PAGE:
Myocardial infarction (MI) is a disease of major consequence in the modern world, causing permanent, irreversible damage to the heart. Survivors are at risk for developing further cardiovascular pathologies such as heart failure. Further study of MI injury is crucial to improve the understanding and treatment of the post-MI heart. The most commonly used model for MI in vivo is surgical ligation of the left anterior descending coronary artery (LAD). There are two predominant approaches: permanent ligation (PL), where the LAD is permanently occluded with a suture, or ischaemia-reperfusion (IR), where the LAD is temporarily occluded before removing the suture to restore blood flow and tissue reperfusion. PL results in the majority of the area at risk becoming infarcted, leading to significant apoptotic cell death and a large scar. Conversely, IR salvages some of the area at risk; thus, the scar is smaller and includes reperfusion injury, an additional, albeit smaller, second wave of necrotic damage. PL may be a more appropriate model choice for studies of heart tissue injury and wound healing, owing to the larger, more consistent infarcts, while IR enables the study of reperfusion injury. Both are clinically relevant, and the choice of model depends upon the precise pre-clinical research questions to be addressed.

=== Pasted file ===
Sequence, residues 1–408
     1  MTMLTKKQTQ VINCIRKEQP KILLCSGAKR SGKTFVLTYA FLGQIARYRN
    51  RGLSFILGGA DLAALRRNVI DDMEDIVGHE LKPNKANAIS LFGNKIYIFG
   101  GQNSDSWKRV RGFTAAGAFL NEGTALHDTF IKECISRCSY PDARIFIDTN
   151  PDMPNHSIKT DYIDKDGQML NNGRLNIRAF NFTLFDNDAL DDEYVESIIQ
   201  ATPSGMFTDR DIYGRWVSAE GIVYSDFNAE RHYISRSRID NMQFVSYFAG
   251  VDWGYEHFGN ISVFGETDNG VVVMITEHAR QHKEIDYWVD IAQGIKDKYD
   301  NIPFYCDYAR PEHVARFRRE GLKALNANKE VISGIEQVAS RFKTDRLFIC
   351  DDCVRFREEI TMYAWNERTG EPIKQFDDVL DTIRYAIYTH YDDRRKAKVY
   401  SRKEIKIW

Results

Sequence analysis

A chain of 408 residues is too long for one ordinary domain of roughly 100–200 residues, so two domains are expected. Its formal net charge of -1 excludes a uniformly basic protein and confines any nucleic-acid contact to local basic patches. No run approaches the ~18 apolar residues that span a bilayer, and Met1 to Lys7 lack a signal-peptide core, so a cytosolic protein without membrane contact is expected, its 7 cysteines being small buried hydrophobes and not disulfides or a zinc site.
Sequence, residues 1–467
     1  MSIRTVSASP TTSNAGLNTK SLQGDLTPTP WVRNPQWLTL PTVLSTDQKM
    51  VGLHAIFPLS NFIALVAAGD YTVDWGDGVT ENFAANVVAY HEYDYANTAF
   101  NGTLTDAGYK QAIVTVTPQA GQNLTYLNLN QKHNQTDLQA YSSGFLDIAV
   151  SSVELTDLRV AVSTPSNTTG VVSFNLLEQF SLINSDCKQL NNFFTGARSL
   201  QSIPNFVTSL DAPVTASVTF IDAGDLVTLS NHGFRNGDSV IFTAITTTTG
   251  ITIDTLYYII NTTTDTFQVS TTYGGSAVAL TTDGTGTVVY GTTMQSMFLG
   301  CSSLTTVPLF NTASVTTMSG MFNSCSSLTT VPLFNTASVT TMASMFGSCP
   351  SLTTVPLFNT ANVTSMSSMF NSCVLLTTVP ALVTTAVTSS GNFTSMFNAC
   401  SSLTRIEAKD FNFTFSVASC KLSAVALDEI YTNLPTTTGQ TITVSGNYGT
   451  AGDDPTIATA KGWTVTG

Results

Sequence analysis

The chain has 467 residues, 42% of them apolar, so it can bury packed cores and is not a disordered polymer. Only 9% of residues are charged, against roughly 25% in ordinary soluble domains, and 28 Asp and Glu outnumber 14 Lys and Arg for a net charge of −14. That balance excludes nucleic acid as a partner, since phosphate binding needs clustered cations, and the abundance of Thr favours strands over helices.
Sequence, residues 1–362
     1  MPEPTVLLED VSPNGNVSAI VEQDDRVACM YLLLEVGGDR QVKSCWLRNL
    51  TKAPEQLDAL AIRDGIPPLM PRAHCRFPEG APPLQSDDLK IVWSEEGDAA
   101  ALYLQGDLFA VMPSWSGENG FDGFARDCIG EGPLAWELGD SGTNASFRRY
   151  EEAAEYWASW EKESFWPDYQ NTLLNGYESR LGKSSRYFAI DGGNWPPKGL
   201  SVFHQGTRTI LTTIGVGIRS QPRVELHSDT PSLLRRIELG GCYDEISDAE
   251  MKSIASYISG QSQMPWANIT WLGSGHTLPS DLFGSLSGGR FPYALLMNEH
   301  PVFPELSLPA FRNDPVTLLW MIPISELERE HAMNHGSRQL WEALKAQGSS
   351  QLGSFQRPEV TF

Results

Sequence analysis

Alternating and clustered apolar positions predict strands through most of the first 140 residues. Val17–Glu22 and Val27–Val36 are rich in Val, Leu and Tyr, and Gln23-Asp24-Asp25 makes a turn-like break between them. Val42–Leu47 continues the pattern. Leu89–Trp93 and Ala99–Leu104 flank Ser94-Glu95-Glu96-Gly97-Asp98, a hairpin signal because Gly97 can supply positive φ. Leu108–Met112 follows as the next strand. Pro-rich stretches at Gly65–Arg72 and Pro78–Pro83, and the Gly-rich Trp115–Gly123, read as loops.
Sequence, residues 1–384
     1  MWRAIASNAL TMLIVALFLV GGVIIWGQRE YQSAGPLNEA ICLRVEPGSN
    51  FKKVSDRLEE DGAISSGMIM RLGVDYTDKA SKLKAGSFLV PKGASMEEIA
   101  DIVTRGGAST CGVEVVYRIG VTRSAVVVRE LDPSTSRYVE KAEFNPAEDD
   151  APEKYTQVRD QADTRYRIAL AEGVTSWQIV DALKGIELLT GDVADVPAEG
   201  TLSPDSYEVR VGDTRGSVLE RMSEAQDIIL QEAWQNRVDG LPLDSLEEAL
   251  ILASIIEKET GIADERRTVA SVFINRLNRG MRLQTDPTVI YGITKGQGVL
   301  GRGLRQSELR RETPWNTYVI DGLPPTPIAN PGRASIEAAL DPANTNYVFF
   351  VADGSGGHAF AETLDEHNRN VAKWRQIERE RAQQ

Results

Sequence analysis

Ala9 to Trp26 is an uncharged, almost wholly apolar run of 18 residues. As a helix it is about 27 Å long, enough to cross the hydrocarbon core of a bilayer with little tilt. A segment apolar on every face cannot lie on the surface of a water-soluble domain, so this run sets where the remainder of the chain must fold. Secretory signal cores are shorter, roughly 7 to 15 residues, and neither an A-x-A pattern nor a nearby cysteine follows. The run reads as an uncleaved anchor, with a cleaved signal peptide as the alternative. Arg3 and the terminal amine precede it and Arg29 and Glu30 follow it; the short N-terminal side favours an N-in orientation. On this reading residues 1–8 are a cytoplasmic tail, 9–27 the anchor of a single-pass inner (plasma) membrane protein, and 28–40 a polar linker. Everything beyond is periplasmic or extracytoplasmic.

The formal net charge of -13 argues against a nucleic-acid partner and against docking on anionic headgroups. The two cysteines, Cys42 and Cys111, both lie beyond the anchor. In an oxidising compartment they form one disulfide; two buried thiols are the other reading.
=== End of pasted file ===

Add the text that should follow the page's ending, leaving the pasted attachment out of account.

Cardiovascular disease has long been recognised as the leading cause of death globally, accounting for an enormous economic burden and significantly reducing quality of life in those affected (Virani et al., 2020). A major contributor to mortality is myocardial infarction (MI). MI is defined as an irreversible injury to the myocardial tissue due to prolonged conditions of ischaemia and hypoxia. Adult myocardial tissue lacks regenerative capacity, and, as such, injuries are permanent, leading to replacement fibrosis and permanent remodelling of the heart (Roger, 2013). Thus, despite improving survival rates for acute MI, incidence rates of chronic heart failure are on the rise. The study of the mechanisms behind ischaemic injury responses is crucial for furthering our understanding of cardiovascular pathology.
Investigation into human MI is limited by the lack of available infarcted tissue; thus, bespoke animal models are of great value to researchers. There are several available methods to model MI in animals, but the most widely used involve surgical ligation of the left anterior descending coronary artery (LAD). These models faithfully recapitulate the human responses to acute tissue injury, as well as the progression to congestive heart failure (Bayat et al., 2002). Initially developed in larger animals, advancements in technology have made LAD surgery on small animals such as rodents, and in particular the mouse, more feasible. Although the small size of the mouse adds to the technical difficulty of the procedure, there are significant advantages. Mice are relatively cheap, with high turnover rates and an abundance of genetically modified strains available to researchers. This has collectively resulted in surgical coronary artery ligation in the mouse becoming a leading procedure for the study of MI (Virag and Lust, 2011).